LESS GREEK

An Essay on the Learning of Shakespeare: addressed to Joseph Craddock, Esq; …

ambridge: Printed by J. Archdeacon, Printer to the University; for W. Thurlbourn & J. Woodyer, in Cambridge; and sold by J. Beecroft … J. Dodsley … and T. Cadell in … London. 1767.

8vo., pp. [6], 50; stab holes at inner margin where originally sewn; nineteenth-century half calf, rebacked and corners renewed. Bookplate of Professor Peter Clemoes of Emmanuel College, Cambridge.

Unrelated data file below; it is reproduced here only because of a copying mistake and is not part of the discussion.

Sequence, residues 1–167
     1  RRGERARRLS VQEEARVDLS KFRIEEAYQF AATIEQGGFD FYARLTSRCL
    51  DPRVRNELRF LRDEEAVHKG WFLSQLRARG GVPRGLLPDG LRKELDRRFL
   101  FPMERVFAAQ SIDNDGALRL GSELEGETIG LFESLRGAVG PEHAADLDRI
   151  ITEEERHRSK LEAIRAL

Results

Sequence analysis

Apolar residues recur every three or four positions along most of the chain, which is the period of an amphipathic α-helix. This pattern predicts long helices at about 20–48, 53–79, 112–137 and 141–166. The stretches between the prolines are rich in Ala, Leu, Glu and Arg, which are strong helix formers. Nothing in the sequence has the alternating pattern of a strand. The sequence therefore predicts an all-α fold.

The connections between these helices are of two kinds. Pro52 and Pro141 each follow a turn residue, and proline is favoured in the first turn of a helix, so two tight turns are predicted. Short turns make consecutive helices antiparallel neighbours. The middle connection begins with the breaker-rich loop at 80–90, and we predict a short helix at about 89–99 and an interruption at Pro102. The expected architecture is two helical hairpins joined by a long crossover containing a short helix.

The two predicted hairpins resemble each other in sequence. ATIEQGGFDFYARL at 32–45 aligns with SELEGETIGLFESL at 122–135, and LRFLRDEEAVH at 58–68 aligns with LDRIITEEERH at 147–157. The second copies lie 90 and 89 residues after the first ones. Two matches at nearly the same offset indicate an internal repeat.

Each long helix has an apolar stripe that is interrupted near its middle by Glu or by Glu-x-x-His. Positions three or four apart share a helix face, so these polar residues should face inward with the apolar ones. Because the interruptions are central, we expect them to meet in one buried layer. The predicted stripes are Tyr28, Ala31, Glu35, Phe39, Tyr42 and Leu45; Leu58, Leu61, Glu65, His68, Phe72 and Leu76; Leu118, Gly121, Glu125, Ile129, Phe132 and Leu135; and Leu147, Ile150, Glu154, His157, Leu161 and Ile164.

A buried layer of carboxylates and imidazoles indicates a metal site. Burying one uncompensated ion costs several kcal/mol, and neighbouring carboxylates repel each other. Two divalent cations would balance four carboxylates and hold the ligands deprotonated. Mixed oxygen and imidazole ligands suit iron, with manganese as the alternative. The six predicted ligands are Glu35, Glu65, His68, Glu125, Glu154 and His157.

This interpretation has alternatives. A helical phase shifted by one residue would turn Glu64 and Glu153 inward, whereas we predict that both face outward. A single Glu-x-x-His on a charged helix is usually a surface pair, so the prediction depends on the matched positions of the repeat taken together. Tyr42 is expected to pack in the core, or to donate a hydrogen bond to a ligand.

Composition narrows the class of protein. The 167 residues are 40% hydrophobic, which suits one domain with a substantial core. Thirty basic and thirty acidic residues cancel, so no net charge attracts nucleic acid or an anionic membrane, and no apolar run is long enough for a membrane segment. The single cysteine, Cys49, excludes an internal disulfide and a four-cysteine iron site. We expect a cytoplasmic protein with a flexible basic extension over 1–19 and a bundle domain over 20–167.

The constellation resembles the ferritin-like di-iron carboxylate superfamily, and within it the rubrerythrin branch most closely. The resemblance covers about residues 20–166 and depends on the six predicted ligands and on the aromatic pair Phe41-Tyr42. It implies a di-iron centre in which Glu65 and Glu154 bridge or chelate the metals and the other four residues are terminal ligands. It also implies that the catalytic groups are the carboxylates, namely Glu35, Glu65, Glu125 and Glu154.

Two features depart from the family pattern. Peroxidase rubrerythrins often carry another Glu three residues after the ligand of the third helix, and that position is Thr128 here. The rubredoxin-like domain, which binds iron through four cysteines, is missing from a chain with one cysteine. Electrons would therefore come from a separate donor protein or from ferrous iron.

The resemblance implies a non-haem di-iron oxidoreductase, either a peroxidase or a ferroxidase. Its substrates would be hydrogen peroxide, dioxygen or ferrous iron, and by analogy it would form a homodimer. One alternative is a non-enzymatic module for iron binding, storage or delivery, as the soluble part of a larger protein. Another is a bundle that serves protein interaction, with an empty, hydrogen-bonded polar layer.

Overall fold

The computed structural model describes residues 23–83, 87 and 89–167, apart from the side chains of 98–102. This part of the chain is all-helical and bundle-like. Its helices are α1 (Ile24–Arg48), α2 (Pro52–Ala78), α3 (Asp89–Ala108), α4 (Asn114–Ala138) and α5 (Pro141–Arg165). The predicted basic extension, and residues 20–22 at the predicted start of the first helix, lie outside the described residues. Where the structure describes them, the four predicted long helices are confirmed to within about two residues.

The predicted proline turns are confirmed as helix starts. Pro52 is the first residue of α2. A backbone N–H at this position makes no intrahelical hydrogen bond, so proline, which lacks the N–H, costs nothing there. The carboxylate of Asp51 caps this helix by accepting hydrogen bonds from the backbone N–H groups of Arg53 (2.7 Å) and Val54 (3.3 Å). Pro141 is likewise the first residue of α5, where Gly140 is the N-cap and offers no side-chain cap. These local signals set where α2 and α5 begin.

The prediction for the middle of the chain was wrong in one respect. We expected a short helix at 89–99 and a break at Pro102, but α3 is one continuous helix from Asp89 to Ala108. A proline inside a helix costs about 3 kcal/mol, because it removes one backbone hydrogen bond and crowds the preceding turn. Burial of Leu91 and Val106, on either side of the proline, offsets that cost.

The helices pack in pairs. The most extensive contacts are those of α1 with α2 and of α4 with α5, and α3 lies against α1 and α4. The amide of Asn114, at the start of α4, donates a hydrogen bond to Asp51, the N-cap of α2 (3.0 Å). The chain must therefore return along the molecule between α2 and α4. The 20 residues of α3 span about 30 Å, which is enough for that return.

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First edition of an important contribution to eighteenth-century Shakespeare scholarship. Farmer argues forcefully that Shakespeare relied on translations of Greek and Latin authors, not the originals, echoing their phraseology and even their errors. ‘He remembered perhaps enough of his school-boy learning to put the Hig, hag, hog, into the mouth of Sir Hugh Evans; and might pick up in the course of his conversation a familiar word or two of French or Italian: but his Studies were most demonstratively confined to Nature and his own Language’. Farmer’s friend Samuel Johnson was delighted with the Essay, and declared the subject closed.

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